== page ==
Highway Funding Extension Changes Tax Return Due Dates & Other Tax Provisions
On July 31, the president signed the Surface Transportation and Veterans Health Care Choice Improvement Act of 2015, providing a three-month fix preventing a lapse in funding for the federal Highway Trust Fund. Congress modified several reporting requirements and tax provisions to help offset the costs resulting from the passage of this act.
Tax Return Due Dates
In general, business income tax returns fall into one of two buckets: corporations and partnerships. For many years, the IRS required corporations to file their tax returns by the 15th day of the third month after their year-end (March 15 for organizations with a calendar year-end) while partnerships were required to file by the 15th day of the fourth month after year-end (April 15 for calendar year-end taxpayers).
The new bill sets due dates based on a different standard. Business returns will be due based on whether taxation occurs at the business level (C corporations) or at the owner level (S corporations and partnerships). The law requires calendar year-end S corps and partnerships to file by March 15 (or 2½ months after the close of their tax year) and C corps to file by April 15 (or 3½ months after tax year close).
In addition, the law extends due dates for many different tax returns. All changes apply for tax years beginning after December 31, 2015. However, in the case of any C corp with a taxable year ending on June 30, the amendments made by this section apply to returns for taxable years beginning after December 31, 2025. The following table summarizes some of the key changes for entities with a December 31 year-end:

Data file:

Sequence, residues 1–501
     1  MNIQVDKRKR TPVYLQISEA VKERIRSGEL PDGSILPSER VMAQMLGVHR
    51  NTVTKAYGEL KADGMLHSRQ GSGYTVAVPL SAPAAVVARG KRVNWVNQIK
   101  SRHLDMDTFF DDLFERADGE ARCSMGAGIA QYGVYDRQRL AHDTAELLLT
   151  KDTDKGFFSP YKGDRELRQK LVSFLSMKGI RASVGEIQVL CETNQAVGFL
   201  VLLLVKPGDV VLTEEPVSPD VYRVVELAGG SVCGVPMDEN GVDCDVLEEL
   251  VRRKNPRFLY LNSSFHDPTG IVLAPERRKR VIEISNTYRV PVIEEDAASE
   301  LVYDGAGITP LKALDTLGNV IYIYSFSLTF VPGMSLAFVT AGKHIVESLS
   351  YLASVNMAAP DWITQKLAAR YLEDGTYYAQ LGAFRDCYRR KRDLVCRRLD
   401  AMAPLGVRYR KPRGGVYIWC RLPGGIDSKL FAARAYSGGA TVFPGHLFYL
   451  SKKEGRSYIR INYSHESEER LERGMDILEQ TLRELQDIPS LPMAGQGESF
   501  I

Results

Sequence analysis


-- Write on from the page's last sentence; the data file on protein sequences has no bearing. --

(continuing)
Mortgage Reporting Requirements
Several other tax reporting provisions also have been modified. Beginning in 2017, lenders must provide the IRS and borrowers with additional information regarding mortgages, including:
- Outstanding principal as of the beginning of the year
- Date of mortgage origination
- Address of the property securing the mortgage
Taxpayers should be aware that this could potentially delay receipt of Form 1098.
Basis Reporting by Estates
Taxable estates must report the value of property in the estate to the IRS upon the owner’s death. The reporting is due 30 days after the estate return due date. This ensures the person inheriting the property doesn’t overstate the basis if selling the property in the future, decreasing his or her tax liability. This basis reporting requirement applies to property with respect to which an estate tax return is filed after the date this act is enacted.
Statute of Limitations on Overstatement of Basis
Working around a 2012 Supreme Court decision, the new law clarifies that the IRS may assess additional tax for up to six years after the filing of a return if it finds a taxpayer distorted the property cost, leading to a lower tax liability upon sale. This provision is effective immediately.
In light of the new law, businesses and individuals should exercise caution to ensure timely and accurate filing of tax and informational returns. If you have questions or concerns regarding how the new law impacts you or your organization, contact your BKD advisor.